• Freedom-Sound Live ReggaeSpace - Freedom-Sound Live ReggaeSpace • Freedom-Sound Live ReggaeSpace - Freedom-Sound Live ReggaeSpace • Freedom-Sound Live ReggaeSpace - Freedom-Sound Live ReggaeSpace • Freedom-Sound Live ReggaeSpace - Freedom-Sound Live ReggaeSpace • Freedom-Sound Live ReggaeSpace - Freedom-Sound Live ReggaeSpace
Home > News Feed > McPullish rebuilds the great King Jammy’s Bandolero riddim
McPullish rebuilds the great King Jammy’s Bandolero riddim
#ReggaeSoulJahsWorldwideVol4 #JahYute | New from Jah Yute Ent. Reggae SoulJahs Worldwide Vol. 4
The album commemorates ten years since the founding of JYE. The first release on the label was Reggae SoulJahs Worldwide Vol. 1 on 2011. Here we are ten years later, and what a better way to celebrate a decade of independent reggae music than with another stellar line up of artists!
Vol. 4 is the last of the Reggae SoulJahs series. Although we are profoundly thankful for all the experiences we’ve had over the last ten years putting these compilations together,
we seal up the series with this great album and look forward to a bright future and new experiences.
This album is a Texas-based creation.
Executive producer Sergio Ortiz, better known as Sgt. Remo, approached Austin reggae/dub producer McPullish in 2018 about recreating the great King Jammy’s Bandolero riddim.
This is definitely not a 2021 digital version of the original riddim. Instead, McPullish rebuilt the riddim by playing every instrument live and recorded using reel-to-reel tape. You will recognize the vintage tape sound as you listen.
The album has six vocal tracks and kicks off with Chezidek’s “Higher”, a refreshing tune reaffirming Chezi’s
not yet done and has a lot more to accomplish. He weaves his signature vocals with an unexpected DJ verse which may have you wondering why we haven’t heard more of Chezidek’s
The second track on the album is courtesy of Mr. Blacc Sheep with a real ganja anthem called “Roll the Weed” (no ambiguity here). The most impressive aspect of this song is Blacc Sheep’s powerful vocals and lyrical style (reminiscent of the reggae version of Busta Rhymes). If you’ve never heard his music
you are in for a treat!
The iconic Ranking Joe comes in next with “Bubble”, an entertaining take on what steps we have to take to party in a time of COVID. I’ve heard several pandemic-related songs this last year, but this one is by far the most enjoyable.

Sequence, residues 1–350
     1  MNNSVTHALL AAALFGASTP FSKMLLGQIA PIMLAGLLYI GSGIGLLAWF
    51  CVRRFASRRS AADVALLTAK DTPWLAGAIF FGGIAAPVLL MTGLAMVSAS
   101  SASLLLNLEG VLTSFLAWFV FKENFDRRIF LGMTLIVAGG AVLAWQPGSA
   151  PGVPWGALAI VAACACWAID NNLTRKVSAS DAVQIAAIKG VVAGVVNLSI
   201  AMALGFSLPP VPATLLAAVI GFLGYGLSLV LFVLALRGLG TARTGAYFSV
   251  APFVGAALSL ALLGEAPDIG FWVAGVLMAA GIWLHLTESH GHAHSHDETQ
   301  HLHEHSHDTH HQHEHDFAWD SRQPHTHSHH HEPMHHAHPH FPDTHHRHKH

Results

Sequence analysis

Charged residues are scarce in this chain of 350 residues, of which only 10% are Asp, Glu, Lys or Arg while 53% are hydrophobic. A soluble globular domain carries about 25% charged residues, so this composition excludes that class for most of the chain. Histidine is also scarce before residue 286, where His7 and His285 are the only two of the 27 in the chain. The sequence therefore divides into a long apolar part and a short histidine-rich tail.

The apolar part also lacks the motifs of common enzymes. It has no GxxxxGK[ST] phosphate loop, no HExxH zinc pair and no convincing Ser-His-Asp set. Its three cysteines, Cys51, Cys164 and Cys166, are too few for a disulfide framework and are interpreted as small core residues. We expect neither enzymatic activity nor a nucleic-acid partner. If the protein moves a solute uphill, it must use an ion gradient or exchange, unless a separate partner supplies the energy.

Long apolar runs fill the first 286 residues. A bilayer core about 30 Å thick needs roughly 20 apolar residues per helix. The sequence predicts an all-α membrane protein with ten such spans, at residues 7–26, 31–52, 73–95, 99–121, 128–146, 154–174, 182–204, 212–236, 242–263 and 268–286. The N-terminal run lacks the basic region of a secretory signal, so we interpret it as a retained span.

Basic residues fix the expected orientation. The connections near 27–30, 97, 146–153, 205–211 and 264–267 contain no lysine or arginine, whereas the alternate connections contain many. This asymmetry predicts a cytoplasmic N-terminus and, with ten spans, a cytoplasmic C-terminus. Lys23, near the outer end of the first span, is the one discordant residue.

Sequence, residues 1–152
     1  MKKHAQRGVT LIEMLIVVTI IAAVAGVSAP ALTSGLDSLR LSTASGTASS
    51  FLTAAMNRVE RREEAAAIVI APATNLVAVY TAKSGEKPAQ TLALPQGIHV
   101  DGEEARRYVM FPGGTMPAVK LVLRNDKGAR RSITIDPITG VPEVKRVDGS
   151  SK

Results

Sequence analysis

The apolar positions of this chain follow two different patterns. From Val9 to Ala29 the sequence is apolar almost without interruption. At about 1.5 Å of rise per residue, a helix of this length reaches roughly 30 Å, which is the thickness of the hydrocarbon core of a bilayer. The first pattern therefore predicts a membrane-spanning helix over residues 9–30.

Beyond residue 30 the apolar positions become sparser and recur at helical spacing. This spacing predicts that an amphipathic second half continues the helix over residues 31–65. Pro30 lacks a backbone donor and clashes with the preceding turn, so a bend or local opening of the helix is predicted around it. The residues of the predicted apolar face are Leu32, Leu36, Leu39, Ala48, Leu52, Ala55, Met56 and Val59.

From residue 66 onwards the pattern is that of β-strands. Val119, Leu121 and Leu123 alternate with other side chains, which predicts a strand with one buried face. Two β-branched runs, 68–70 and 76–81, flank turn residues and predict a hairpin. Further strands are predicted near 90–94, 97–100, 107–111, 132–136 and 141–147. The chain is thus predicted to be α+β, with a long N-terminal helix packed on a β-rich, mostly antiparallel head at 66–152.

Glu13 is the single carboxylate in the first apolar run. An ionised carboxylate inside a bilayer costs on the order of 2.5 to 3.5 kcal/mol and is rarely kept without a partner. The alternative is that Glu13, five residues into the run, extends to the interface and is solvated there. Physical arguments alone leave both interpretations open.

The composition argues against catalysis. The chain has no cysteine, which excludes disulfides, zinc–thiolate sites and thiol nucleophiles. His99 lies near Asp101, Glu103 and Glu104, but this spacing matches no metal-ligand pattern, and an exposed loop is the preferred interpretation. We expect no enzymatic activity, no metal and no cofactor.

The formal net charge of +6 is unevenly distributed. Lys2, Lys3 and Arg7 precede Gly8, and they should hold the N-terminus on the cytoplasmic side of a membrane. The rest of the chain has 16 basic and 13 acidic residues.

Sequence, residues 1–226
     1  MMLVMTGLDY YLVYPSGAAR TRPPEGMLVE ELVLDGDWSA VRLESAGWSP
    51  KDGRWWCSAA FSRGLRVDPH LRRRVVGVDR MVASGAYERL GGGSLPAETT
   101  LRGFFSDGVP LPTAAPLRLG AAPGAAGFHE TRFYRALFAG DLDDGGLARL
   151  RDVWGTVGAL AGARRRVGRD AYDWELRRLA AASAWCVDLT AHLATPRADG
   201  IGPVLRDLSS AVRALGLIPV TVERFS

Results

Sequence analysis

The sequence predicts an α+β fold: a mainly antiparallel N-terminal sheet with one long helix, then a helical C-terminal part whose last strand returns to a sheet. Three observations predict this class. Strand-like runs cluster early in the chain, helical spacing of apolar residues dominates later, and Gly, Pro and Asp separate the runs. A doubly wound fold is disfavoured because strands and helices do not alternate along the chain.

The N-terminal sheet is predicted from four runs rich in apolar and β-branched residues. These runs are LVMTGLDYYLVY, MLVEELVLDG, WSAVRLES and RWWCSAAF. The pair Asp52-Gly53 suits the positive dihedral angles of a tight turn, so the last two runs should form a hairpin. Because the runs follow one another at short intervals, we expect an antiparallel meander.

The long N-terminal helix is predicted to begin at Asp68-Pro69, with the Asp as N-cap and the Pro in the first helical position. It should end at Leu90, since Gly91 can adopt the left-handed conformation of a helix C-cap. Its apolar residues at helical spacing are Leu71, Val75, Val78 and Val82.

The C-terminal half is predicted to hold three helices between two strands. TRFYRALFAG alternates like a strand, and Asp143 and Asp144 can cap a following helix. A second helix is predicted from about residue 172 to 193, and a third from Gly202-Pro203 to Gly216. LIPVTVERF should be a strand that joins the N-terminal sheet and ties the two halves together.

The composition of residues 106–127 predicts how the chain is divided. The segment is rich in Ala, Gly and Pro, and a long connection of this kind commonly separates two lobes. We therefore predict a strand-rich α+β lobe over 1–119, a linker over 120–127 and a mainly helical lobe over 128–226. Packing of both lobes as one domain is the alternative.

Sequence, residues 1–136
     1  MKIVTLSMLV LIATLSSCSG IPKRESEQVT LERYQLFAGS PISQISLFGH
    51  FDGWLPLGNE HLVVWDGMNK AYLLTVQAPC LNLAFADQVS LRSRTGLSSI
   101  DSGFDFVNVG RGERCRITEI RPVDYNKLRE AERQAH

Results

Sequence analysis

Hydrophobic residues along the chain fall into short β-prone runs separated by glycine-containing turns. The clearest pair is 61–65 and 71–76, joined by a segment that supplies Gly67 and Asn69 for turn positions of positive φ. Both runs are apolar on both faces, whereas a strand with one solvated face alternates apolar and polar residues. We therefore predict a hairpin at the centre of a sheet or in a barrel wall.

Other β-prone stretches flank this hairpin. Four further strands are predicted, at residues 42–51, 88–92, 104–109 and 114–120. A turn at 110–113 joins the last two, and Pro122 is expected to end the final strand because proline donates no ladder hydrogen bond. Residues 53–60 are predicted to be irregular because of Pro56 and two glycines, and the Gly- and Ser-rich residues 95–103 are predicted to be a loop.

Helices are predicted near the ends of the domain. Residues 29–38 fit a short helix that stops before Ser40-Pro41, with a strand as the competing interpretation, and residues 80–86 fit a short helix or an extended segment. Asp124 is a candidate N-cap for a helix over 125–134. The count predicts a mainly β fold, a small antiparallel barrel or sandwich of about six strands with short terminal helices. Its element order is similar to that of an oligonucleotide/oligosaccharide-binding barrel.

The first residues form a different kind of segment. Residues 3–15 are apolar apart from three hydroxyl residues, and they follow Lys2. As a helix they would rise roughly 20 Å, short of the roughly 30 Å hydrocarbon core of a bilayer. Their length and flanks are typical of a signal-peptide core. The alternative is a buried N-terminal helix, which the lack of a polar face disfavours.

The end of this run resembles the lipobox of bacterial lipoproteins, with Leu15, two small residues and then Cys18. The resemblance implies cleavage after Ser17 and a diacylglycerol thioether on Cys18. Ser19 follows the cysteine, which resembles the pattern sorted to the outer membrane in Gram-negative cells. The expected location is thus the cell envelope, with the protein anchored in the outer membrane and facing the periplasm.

Soulfiya is next with “Diamond in the Rough”.
On this one, we are taken along on a journey as Soulfiya reminds us perseverance and drive can overcome the less-than-desirable circumstances many are born into.
Sgt. Remo’s “Bandolero” is a Spanish version of the classic dancehall song by Pinchers.
Mexico City’s Ras Levy delivers a great “Pensar Diferente” (Think Different). This one will have you rocking along to the hypnotic chorus even if you don’t understand the lyrics.
The two remaining tracks are “Bubble Dub” and “Bandolero 21” Version by producer McPullish. The highlight here is the Bandolero 21 Version. This is not just a riddim version. McPullish takes us on a sonic journey on this one as it could easily be a score for a western movie. He captures the essence of the wild-west which was popularized by many Jamaican artists in early dancehall reggae. My favourite part of the song is the wild-west melodica and the digital gun shots which almost paint a picture of an old west gunfight.
The album is presented in 12” vinyl with a beautiful full-colour sleeve painted by the multi-talented
Ras Levy. All production and mixing credits go to McPullish while mastering was handled by Randall
at Still Mastering in Austin, TX.
We hope that you fulljoy this album and continue to support Jah Yute Ent!
Contemporary Chritien, man of god, Deejay Producer, Martial Artist and System Eng.
Reggae & D nB World Musik and more....
Good Vibes Online
Good Vibes Online
ReggaeSpace Radio Content Rating
The 'G' rating applies to content that has nothing in theme, language, reference to sexual activity, violence, etc. which would be offensive to parents whose younger children listen. Some snippets of language may go beyond polite conversation but they are common everyday expressions. No stronger words are uttered. The reference to violence is at a minimum. Explicit references to sexual activity are not present; nor are there any references in favour of hard drug use.